More True Today Than 2 1/2 Years Ago When I Wrote This

In the fall of 2006, Business 2.0 asked me to write a short post about how blogging can build your business. It ran in the December 2006 issue in a story called "How To Succeed In 2007".

Alex Hammer sent me a copy of that article this week and it was on my desk this morning. I re-read it and thought I should share it with all of you.  So here it is:


Blogging has become a critical piece of my business. I am an
early-stage investor in Internet-delivered services and the co-founder
of a venture firm. At first I really didn’t know what to write about.
So I wrote about things I was passionate about: work, family, music,
politics, New York City. I still post about all of those things, but
today my blog, called A VC, is mostly about my work and music. I
started writing at least one post every day and have done that ever
since. When I go on vacation, I write a bunch of posts in advance and
then autopost them on a regular schedule. I’ve found that having
something new on the blog every day is the single most important thing
to building an audience.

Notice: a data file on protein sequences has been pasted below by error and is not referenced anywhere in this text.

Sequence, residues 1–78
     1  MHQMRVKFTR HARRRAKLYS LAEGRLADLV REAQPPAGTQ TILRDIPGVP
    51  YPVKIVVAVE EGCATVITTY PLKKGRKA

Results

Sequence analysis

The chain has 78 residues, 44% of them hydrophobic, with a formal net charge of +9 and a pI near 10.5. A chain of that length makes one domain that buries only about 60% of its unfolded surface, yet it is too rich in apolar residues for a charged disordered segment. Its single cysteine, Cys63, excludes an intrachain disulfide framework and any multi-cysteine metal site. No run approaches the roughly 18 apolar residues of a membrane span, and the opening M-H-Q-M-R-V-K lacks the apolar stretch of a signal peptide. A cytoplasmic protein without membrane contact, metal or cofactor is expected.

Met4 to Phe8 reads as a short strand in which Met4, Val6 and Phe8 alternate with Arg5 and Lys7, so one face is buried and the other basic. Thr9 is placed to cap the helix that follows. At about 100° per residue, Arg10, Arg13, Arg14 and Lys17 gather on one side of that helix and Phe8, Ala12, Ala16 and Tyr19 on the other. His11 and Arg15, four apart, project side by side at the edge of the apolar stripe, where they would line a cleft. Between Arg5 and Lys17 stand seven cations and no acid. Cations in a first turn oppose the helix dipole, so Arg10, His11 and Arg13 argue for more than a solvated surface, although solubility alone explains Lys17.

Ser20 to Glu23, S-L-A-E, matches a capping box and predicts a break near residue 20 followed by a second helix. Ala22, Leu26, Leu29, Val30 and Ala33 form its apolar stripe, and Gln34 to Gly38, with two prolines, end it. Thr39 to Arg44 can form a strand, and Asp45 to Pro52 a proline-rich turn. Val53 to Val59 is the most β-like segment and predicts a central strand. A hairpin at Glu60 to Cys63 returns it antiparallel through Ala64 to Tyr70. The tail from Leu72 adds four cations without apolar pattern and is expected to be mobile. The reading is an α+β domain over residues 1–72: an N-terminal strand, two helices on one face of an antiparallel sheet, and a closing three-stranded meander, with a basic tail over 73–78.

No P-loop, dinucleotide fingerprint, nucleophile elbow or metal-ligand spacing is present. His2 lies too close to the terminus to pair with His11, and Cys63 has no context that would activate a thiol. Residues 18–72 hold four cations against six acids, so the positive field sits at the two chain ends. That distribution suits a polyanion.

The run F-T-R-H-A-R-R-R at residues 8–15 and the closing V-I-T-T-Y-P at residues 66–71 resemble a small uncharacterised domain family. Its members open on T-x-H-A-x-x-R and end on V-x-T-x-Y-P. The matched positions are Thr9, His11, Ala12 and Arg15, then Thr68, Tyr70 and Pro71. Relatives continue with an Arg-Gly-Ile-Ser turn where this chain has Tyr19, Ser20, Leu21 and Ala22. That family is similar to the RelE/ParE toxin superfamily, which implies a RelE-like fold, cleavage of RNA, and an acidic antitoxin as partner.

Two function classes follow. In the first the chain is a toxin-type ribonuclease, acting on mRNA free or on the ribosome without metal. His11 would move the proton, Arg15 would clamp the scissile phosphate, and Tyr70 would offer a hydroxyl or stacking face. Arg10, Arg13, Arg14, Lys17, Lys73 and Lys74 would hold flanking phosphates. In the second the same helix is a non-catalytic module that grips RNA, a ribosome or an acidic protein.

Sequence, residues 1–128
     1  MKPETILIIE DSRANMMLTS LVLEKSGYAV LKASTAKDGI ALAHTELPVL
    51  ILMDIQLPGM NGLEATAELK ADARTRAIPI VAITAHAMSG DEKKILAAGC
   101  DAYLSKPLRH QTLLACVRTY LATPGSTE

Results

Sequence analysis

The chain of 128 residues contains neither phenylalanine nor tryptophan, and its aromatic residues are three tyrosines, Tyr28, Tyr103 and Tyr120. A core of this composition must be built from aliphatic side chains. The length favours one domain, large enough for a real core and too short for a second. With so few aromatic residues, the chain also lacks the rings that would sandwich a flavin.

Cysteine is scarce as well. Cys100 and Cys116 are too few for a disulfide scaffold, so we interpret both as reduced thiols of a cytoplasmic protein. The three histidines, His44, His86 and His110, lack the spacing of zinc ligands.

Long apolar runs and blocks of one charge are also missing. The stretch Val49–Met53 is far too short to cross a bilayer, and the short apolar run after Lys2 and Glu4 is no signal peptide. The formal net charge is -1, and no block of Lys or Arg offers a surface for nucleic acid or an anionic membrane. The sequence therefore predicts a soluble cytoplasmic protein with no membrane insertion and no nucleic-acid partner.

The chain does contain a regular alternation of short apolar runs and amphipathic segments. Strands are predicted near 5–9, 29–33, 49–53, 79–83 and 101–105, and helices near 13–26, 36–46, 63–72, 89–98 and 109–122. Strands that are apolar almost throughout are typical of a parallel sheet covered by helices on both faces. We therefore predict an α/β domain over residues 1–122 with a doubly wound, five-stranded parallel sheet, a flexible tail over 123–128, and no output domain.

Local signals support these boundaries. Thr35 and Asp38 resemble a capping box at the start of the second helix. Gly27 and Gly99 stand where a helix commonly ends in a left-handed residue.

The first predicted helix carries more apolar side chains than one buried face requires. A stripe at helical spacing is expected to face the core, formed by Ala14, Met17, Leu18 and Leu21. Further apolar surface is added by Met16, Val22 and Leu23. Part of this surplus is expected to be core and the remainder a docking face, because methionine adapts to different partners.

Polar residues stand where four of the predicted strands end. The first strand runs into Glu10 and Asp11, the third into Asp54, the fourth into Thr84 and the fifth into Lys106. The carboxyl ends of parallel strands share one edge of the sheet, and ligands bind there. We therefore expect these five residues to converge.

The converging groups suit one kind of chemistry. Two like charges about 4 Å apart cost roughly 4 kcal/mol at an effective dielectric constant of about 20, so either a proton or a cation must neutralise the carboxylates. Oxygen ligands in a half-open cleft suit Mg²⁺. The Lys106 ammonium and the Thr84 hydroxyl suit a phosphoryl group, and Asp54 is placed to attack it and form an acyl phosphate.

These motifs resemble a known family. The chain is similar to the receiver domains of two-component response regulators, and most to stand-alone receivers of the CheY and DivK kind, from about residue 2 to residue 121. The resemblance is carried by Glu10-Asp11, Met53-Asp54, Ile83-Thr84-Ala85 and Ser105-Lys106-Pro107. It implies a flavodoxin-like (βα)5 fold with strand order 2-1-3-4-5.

I also like to use a sensational headline. Many people read blogs in
aggregators, which generally show only the headline. So you have to
give people a reason to click through. Blogs need to be real and
personal. Reading it should be like hanging out with you. I play music
for my readers. I show them videos I like. I tell them what I did over
the weekend. And I tell them what is happening in the technology,
Internet, and VC markets.


And it works. About 50,000 people come to my blog every month. The site
brings in about $30,000 a year now in ad revenue, and I donate it all
to charity. Most important, I’m getting to know entrepreneurs of all
kinds – in India, Australia, England, China, and Silicon Valley. They
read my blog, correct me when I’m wrong, pound the table when they
agree with me. I get to know them, and they get to know me. When it
comes time for them to raise money, they know who to ask. And for me,
the blog acts as an amplifier and a filter. I see many more
opportunities, but they are also way more relevant. It makes me a
better investor.